[CrossRef]
 
Westen  D;  Muderrisoglu  S: Clinical assessment of pathological personality traits. Am J Psychiatry (in press)
 
Brown  TA;  DiNardo  P;  Barlow  D:  Anxiety Disorders Interview Schedule for DSM-IV (ADIS-IV) .  Albany, NY,  Graywind Publications, 1994
 
Gigerenzer  G;  Goldstein  DG:  Reasoning the fast and frugal way: models of bounded rationality.  Psychol Rev 1996; 103:650–669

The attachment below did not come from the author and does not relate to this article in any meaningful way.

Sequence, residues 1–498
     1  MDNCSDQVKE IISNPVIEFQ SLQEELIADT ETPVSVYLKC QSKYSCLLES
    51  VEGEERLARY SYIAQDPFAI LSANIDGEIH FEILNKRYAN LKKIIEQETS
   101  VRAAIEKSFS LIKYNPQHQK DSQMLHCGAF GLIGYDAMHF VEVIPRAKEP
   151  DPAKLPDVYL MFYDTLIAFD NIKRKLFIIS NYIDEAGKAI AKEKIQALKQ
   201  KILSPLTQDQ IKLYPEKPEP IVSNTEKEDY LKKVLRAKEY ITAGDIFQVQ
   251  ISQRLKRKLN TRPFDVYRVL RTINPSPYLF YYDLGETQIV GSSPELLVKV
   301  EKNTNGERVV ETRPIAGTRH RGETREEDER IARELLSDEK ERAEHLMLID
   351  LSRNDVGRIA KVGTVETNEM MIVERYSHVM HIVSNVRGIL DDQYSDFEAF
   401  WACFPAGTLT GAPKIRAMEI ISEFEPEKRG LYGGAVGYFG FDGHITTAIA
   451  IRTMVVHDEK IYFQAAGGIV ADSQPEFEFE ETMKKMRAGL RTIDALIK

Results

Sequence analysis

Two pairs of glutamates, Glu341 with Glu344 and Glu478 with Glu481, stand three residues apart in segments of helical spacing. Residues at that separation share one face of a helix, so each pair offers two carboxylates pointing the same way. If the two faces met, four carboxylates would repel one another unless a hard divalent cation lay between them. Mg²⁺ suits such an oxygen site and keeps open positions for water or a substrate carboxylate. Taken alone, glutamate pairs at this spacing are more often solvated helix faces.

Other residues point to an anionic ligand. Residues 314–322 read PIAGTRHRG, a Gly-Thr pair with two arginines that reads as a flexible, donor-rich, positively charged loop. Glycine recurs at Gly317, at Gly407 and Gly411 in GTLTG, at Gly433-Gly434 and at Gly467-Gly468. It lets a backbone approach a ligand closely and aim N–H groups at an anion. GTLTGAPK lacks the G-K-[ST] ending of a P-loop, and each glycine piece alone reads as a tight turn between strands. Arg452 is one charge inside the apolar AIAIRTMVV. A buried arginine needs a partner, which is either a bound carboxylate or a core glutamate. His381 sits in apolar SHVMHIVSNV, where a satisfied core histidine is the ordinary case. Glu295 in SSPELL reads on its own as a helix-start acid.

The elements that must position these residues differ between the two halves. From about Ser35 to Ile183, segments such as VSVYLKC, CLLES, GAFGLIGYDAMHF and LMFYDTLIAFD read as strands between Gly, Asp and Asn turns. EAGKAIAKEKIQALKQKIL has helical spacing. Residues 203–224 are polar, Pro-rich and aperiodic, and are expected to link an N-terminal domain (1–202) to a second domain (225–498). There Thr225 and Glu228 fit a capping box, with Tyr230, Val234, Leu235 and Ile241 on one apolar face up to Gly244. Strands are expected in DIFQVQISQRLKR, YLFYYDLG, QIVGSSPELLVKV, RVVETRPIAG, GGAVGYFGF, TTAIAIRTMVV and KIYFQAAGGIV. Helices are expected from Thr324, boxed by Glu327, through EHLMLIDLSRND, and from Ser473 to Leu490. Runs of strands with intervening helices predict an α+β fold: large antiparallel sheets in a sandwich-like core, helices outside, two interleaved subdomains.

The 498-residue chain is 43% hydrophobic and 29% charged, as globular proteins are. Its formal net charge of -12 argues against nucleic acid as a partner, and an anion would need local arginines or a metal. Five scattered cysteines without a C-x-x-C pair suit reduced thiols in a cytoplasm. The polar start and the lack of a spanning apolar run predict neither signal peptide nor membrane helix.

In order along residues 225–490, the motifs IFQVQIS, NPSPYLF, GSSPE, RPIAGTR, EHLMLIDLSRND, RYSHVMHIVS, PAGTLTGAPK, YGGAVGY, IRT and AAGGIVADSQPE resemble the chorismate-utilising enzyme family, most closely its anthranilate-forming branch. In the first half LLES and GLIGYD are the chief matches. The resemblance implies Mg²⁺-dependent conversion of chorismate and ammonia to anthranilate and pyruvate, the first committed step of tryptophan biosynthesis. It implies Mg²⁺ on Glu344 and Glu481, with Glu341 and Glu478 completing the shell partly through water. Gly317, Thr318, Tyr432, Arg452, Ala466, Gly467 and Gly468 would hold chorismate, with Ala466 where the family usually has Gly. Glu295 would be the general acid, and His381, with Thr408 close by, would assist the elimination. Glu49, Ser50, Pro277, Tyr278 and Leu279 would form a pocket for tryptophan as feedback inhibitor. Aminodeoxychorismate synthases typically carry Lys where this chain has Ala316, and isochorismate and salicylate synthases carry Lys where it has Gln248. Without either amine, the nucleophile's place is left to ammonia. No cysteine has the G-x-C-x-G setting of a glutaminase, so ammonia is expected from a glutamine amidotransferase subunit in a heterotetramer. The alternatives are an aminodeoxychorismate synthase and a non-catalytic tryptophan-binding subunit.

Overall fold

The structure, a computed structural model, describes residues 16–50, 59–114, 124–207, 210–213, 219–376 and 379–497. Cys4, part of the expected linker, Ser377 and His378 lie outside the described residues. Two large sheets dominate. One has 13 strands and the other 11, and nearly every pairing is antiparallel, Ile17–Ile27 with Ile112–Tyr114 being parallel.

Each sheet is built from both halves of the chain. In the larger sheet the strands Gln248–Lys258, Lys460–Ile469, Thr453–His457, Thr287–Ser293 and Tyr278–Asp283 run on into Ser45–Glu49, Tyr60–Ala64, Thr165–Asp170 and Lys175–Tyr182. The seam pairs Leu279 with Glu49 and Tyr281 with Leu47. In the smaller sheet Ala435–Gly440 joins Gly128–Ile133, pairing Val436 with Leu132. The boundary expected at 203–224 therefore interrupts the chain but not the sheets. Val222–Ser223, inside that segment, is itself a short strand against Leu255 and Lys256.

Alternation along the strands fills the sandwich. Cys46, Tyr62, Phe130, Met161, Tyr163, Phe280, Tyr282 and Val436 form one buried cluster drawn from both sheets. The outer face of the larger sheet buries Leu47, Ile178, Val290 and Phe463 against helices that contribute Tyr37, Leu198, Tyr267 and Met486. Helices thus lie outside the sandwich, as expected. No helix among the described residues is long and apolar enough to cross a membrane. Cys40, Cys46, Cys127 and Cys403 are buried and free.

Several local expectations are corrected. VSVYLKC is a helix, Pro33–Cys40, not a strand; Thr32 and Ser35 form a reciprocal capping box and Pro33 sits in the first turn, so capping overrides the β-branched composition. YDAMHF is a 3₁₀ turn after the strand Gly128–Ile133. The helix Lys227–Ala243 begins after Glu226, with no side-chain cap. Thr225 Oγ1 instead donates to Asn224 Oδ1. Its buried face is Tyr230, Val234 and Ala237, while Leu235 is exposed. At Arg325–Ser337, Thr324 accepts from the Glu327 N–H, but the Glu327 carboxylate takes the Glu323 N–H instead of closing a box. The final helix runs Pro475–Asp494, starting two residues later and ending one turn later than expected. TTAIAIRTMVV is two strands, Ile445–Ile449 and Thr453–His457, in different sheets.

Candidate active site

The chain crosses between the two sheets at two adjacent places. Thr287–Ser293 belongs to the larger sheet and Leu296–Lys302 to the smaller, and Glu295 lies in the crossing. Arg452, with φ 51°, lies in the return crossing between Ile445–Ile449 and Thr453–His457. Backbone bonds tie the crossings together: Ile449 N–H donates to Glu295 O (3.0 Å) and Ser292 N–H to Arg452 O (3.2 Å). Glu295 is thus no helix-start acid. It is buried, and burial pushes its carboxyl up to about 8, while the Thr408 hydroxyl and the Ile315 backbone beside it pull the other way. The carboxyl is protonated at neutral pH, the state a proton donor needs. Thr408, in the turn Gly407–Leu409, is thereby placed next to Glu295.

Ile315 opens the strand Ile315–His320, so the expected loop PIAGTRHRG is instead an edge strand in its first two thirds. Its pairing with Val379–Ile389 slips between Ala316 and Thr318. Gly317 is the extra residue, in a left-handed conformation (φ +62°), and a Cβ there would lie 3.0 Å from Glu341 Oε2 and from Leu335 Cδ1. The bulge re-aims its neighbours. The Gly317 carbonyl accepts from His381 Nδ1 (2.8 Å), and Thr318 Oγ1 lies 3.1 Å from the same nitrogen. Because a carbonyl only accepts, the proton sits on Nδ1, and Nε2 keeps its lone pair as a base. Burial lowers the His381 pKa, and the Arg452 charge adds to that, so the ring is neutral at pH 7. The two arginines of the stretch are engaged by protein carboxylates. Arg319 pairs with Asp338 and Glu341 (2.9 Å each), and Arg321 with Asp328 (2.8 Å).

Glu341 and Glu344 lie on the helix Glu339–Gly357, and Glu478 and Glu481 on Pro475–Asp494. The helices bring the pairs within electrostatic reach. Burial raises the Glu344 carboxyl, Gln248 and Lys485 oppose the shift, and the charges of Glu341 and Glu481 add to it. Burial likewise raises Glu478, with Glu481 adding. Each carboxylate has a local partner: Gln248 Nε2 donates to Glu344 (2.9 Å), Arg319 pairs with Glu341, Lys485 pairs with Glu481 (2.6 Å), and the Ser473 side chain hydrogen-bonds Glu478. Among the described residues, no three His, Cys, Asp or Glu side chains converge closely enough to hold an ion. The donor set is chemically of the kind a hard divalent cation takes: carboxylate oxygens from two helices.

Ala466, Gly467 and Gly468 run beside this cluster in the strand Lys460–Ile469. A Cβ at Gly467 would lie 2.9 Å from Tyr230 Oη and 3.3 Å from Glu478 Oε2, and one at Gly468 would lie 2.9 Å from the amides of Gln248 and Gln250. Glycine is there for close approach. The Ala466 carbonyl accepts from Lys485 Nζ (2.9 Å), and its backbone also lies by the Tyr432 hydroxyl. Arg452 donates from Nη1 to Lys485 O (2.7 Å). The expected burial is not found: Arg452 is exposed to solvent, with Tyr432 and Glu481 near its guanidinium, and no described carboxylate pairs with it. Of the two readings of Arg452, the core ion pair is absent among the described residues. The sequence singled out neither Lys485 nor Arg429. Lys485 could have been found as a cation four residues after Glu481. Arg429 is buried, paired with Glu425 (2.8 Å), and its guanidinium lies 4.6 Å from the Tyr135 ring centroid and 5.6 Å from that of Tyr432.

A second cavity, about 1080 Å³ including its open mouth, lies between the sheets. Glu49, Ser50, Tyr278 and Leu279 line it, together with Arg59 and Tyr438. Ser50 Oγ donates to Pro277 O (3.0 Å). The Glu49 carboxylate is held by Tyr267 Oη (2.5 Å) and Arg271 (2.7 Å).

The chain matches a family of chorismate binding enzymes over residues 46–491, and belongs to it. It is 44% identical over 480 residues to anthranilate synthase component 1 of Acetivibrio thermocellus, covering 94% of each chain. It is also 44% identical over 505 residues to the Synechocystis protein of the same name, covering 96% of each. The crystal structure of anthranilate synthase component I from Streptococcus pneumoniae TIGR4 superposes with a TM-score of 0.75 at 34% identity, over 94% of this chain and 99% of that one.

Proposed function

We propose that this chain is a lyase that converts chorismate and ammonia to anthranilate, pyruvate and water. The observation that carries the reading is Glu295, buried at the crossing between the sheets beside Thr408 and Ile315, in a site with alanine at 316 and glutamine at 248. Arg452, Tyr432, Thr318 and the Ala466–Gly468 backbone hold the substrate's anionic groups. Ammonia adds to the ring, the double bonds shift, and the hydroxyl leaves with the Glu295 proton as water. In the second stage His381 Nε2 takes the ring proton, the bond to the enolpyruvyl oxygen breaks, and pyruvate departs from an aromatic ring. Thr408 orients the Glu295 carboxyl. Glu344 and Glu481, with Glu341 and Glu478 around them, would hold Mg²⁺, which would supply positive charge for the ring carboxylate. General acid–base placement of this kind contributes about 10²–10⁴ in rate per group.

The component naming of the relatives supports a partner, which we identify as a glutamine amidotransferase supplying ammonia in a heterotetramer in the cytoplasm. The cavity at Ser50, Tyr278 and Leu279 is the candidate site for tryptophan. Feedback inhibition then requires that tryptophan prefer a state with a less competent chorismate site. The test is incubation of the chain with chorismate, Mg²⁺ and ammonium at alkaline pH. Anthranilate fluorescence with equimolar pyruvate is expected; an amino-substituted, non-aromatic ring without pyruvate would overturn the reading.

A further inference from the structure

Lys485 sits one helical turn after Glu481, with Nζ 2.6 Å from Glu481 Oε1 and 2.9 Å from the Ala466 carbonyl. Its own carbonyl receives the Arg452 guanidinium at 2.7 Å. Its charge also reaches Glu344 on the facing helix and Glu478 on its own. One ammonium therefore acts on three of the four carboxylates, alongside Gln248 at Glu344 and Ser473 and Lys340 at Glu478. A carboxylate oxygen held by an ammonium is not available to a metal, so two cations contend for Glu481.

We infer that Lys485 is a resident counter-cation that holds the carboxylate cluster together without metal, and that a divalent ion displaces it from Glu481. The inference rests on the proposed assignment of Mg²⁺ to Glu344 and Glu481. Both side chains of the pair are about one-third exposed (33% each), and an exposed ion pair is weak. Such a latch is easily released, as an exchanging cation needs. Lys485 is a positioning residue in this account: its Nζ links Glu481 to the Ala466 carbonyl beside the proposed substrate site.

[CrossRef] | [PubMed]
 
Barsalou  LW:  Deriving categories to achieve goals, in The Psychology of Learning and Motivation: Advances in Research and Theory, vol. 27. Edited by Bower  GH.  San Diego,  Academic Press, 1991, pp 1–64
 
Blashfield  R:  Exemplar prototypes of personality disorder diagnoses.  Compr Psychiatry 1985; 26:11–21
[CrossRef] | [PubMed]
 
Millon  T;  Davis  RO:  Disorders of Personality: DSM-IV and beyond.  Oxford, UK,  John Wiley & Sons & Sons, 1996
 
References Container
+
+